Interview with Tassilo Gast from Emerson
If hydrogen is expected to change the world, then the associated industries need to massively expand their capacities in the next few years. That will only happen if you build on existing knowledge. This is vital when it comes to scaling and automation, explains Tassilo Gast from automation specialist Emerson in his interview with H2-international.
H2-international: The hydrogen industry needs to grow extremely rapidly in the years ahead. What do companies, for example electrolyzer manufacturers, need to be especially aware of?
Gast: The electrolyzer projects that have been announced in the news are between 100 megawatts and 1 gigawatt in size. The electrolyzers installed up until now mostly have electrical capacities of 2 or 5 megawatts. That represents considerable growth and therefore a huge challenge for manufacturers.
Electrolyzers usually have a modular construction. For the most part, this principle still stands when they are scaled up, if only because of the physical and electrochemical limits on the size of the stacks. These days, stacks with around 2.5 megawatts of electrical capacity are commonplace. Even if a stack in the future were to be 10 megawatts, you would need 10 of them for a 100-megawatt electrolyzer, and hundreds of them for a gigawatt project. If I simply line up 10 modules side by side using the “scale up by numbering up” principle, then I have 10 times the number of interfaces, 10 times the number of cable ducts and so on. Wiring, balancing and controlling all that is highly complex. Consequently you have to rethink the system architecture.
If we take a large electrolyzer plant as an example – what would a successful scale-up with adapted system architecture look like?
The key thing is for someone to look at the overall system early on. In the case of Emerson, we have a dedicated business unit for systems. In theory, the manufacturers could also do it themselves, but they often just don’t have the capacity in the growth phase to take this step or return to this step and look at the overall picture.
Depending on the scaling factor, initially it can all be about taking small steps, for instance the merging of balancing groups. However, from a certain size, no later than several hundred megawatts, you have to build in a completely different way. At that point you can no longer install the modules in individual shipping containers, as you do for smaller plants – if only because the total cost of the containers would be too expensive. Instead, you build a plant with the stacks on a plot of land along with the accompanying plant units, for example for water treatment, as in greenfield projects. The electrolyzer would be planned in a similar way to a traditional chemical plant, on open ground – or under cover – with separate processing and plant sections. When we’re part of a process like that, it’s very important to work together closely. Together you have to take a long, hard look at the process so that you really manage to leverage the efficiency potential and cut down the time to market.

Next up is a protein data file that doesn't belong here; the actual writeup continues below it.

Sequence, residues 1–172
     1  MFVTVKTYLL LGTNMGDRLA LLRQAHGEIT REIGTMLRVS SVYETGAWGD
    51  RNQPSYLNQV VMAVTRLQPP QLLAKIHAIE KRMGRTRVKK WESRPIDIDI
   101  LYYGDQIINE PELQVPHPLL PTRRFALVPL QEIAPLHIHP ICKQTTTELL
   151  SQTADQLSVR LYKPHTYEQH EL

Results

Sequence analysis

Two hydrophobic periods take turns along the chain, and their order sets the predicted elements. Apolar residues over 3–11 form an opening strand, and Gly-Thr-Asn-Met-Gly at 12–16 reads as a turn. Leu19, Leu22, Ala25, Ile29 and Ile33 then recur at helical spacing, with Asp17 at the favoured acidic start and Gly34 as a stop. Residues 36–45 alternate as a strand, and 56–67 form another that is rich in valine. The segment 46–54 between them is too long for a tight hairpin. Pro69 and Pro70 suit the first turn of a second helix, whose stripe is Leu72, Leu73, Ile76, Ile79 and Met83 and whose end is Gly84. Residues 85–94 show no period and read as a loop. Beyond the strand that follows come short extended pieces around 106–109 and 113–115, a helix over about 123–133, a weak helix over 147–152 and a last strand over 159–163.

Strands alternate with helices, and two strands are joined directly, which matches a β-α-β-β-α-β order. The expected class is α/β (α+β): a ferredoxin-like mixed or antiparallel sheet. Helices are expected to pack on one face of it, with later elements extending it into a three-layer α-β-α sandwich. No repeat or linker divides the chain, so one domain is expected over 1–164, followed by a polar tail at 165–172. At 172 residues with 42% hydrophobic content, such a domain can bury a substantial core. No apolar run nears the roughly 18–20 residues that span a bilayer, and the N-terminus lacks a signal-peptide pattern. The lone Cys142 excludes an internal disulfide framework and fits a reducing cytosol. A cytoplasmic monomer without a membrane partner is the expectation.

In addition to the redundancy of components and the spatial arrangement, are there other problems when scaling up that can be avoided with appropriate planning?
Yes, there are, for example in relation to safety. Hydrogen is, of course, an explosive gas. And the amount of gas increases as the plant size grows and this also increases the potential risk for surrounding areas. Equipment and fittings have to meet safety and disconnection guidelines; in the event of a fault, it must be possible to shut down safely. There is special software from AspenTech, which Emerson has owned since 2022, that helps to scale up a plant virtually, and indicates foreseeable bottlenecks and safety issues.
What role can a digital twin play in this kind of virtual scale-up?
The expression “digital twin” is used in lots of different ways. In its simplest form, it means a virtual map of the plant. The next step is to populate the digital map with data from the process in operation. This allows you to verify if the simulation tallies with reality. Emerson’s digital twins are able to verify data from the simulation with responses from field instruments and control elements from the field and thus preempt the behavior of the process. That’s immensely helpful, for example in the case of electrolyzer manufacturers or EPCs, when it’s all about assessing in advance the scaling effects of plants that are in the process of becoming larger. Finally, it enables better operational management – with higher efficiency, lower costs and longer component life.
Have you already delivered this kind of scale-up for an electrolyzer manufacturer so you can tell us about your experiences?
We have a lot of initial projects in the hydrogen sector around the globe. For instance, we’ve fitted out the world’s largest PEM electrolyzer plant with a control system, valves and instruments. It’s at Air Liquide in Bécancour, Canada. Emerson has also taken care of the integration into the on-site chemical process.
Here, we are able to draw on our know-how from other sectors. Regardless of which electrolyzer technology is being used – PEM, alkaline, AEM – scaled-up electrolyzers all need a lot of water, for example. The water has to be demineralized and conveyed to the electrolyzer and arrive there at the correct temperature and at the correct pressure. We take care of measuring all these factors, finding the right valves and fittings and controlling the process – from the electrolyzer, to gas separation and dehydration through gas analysis at the end to check the quality level of the hydrogen.